Q: A friend mentioned to me something about IRA conversion rules changing for 2010 and, honestly, I have no idea what she was talking about. Can you help?
A: I’m happy to help. And your friend is correct: 2010 may be a good year for many of us to revisit our IRA accounts to see if a conversion makes sense.
Up until now, retirement investors who wanted to convert monies in a traditional IRA to a Roth IRA could only do so if their modified adjusted gross income was $100,000 or less. Beginning in 2010, this restriction will be removed, permitting retirement investors at any income level to move assets in a traditional IRA over to a Roth IRA.
As an additional incentive, the IRS is allowing those who convert in 2010 to spread the federal income tax owed on the converted sum over two years, a provision designed to lessen the immediate tax bite.
To convert or not to convert?
The answer to this question will differ for every investor, depending on a number of factors including the amount of time you plan to leave the money invested, your estate-planning objectives and your willingness to pay the federal income-tax bill that a conversion will trigger. Here is a look at the potential benefits and drawbacks of converting.
Potential benefits …
— A larger sum to bequeath to heirs. Since required minimum distributions do not apply for Roth IRAs as they do for traditional IRAs, investors who do not need the money may leave it invested as long as they choose, which may result in a larger balance for heirs. After an account-owner’s death, beneficiaries are required to take distributions, although different rules apply for spouses as opposed to children and other non-spousal beneficiaries such as life partners.
— Tax-free withdrawals on qualified distributions. Withdrawals from a Roth IRA are tax-free for those who have had the money invested for five years or more and have reached the age of 59-1/2 or have attained another qualifying event.*
… and drawbacks
— The tax bite. Investors who convert assets from a traditional IRA to a Roth IRA are required to pay taxes on the amount that is rolled over. The full amount of the conversion is usually taxable at ordinary income-tax rates. If you have a nondeductible traditional IRA (i.e., your contributions did not qualify for a tax deduction because your income was not within the parameters established by the IRS), investment earnings will be taxed but the amount of your contributions will not. The conversion will not trigger the 10-percent penalty for early withdrawals.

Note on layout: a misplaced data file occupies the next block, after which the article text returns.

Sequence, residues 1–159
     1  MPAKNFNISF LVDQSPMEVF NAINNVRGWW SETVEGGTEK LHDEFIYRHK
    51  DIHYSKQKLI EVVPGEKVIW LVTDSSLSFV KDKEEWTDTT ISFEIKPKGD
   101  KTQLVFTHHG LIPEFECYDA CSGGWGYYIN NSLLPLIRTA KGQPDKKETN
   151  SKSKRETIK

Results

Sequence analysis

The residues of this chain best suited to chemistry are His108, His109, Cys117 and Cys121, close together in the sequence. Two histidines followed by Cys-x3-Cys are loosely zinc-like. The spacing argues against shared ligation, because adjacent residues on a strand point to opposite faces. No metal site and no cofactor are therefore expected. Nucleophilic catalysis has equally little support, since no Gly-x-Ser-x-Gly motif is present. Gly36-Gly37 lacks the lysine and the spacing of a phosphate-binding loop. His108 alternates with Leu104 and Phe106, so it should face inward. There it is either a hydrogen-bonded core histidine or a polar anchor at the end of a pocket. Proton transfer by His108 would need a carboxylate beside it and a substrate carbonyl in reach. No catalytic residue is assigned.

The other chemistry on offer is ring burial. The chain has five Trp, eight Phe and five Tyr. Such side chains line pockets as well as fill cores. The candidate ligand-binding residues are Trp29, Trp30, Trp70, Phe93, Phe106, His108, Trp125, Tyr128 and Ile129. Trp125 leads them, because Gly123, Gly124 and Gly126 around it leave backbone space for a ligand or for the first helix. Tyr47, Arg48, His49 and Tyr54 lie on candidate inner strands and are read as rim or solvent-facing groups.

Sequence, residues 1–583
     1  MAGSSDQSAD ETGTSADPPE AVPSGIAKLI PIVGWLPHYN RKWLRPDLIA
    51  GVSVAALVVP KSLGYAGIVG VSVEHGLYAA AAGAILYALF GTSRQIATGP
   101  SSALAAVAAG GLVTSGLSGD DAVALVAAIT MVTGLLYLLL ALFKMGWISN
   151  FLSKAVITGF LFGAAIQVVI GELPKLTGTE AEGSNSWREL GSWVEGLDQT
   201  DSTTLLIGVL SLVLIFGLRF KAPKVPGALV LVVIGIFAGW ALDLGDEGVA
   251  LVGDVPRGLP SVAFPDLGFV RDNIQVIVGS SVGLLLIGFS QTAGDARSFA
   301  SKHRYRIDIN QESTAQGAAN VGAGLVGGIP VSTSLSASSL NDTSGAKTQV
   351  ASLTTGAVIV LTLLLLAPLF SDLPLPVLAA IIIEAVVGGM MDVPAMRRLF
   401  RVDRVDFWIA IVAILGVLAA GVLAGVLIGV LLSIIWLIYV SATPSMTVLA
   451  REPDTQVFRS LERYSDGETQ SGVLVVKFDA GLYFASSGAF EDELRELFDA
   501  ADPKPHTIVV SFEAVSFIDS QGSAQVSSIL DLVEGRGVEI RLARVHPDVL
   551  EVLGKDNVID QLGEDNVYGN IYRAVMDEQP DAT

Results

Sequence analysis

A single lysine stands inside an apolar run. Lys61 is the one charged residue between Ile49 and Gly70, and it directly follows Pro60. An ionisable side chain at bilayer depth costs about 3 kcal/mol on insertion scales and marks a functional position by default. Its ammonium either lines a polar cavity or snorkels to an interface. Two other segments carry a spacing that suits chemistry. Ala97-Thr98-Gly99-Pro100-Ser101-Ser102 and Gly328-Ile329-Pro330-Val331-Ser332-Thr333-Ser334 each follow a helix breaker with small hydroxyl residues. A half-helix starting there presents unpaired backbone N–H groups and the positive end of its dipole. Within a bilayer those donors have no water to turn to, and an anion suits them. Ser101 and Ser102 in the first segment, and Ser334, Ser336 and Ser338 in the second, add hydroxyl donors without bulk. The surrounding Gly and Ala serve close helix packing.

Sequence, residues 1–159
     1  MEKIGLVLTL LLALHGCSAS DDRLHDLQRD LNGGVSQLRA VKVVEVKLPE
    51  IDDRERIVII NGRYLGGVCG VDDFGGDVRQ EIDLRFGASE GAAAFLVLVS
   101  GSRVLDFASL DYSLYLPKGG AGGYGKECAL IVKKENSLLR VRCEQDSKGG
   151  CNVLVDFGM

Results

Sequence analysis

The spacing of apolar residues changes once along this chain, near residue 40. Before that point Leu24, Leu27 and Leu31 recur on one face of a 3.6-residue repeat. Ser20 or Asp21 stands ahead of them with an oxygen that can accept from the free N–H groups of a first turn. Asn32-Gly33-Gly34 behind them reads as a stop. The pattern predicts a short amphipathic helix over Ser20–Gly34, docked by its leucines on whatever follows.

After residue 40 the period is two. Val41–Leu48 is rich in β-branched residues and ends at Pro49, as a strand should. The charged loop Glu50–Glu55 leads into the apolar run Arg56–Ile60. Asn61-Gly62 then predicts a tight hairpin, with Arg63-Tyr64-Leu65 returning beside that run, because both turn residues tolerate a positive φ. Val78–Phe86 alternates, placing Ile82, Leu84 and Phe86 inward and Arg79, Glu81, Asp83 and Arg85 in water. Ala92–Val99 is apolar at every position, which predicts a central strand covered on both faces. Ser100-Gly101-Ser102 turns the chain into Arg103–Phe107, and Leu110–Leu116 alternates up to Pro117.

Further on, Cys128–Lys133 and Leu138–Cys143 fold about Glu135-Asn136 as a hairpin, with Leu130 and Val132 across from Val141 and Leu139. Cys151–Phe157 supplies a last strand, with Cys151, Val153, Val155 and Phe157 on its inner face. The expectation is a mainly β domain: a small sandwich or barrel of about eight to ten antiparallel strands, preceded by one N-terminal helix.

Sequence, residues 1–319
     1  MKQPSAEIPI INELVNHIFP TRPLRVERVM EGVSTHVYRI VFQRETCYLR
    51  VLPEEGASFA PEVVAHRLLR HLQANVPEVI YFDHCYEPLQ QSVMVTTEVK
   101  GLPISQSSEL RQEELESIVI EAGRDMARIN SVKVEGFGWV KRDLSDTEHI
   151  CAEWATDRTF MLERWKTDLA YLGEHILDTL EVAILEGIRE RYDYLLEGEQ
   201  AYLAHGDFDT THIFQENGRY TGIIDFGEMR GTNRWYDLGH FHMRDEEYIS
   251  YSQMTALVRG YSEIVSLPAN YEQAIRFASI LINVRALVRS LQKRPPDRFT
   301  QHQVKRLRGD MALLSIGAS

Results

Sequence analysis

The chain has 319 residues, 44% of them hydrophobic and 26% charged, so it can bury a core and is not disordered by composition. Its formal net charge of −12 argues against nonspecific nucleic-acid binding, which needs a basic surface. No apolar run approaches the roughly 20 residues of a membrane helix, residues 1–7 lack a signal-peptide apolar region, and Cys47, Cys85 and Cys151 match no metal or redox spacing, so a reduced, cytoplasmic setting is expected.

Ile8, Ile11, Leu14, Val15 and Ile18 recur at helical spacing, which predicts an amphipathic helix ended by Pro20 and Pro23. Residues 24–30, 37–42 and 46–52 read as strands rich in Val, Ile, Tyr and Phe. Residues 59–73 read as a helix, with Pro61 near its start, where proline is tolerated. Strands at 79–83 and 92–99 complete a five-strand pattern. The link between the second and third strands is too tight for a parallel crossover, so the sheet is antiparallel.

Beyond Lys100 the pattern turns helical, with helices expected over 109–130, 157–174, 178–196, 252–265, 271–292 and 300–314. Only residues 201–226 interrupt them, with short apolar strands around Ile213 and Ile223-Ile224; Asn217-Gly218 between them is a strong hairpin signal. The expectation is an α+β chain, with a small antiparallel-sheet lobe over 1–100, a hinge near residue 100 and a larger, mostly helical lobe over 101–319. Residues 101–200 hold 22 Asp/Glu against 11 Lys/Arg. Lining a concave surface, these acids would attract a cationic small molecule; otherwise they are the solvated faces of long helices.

Which is right for you?
If you have a traditional IRA and are considering converting to a Roth IRA, here are a few factors to consider:
— A conversion may be more attractive the further you are from retirement. The longer your earnings can grow, the more time you have to compensate for the associated tax bill.
— Your current and future tax brackets will affect which IRA is best for you. If you expect to be in a lower tax bracket during retirement, sticking with a traditional IRA could be the best option because your required minimum distributions during retirement will be taxed at a correspondingly lower rate than amounts converted today. On the other hand, if you anticipate being in a higher tax bracket, the ability to take tax-free distributions from a Roth IRA could be an attractive benefit.
There is no easy answer to the question: “Should I convert my traditional IRA to a Roth IRA?” As with any major financial consideration, careful consultation with a professional is a good idea before you make your choice.
*IRA account holders (both traditional and Roth) may make qualified withdrawals before age 59-1/2 only if they meet specific criteria established by the IRS (disability, qualified first-time home buyer and others). Consult www.irs.gov for additional information.
Jeremy Gussick is a financial consultant with LPL Financial, the nation’s largest independent wealth management firm,* and specializes in the financial planning needs of the LGBT community. He is active with several LGBT organizations in the Philadelphia region, including the Delaware Valley Legacy Fund, the Greater Philadelphia Professional Network and the Independence Business Alliance. OutMoney appears monthly. If you have a question, contact him at [email protected].
This article was prepared with the assistance of Standard & Poor’s Financial Communications and is not intended to provide specific investment advice or recommendations for any individual. Consult your financial advisor or Jeremy Gussick if you have any questions. LPL Financial, Member FINRA/SIPC. *Based on total revenues, as reported in Financial Planning Magazine, June 1996-2009.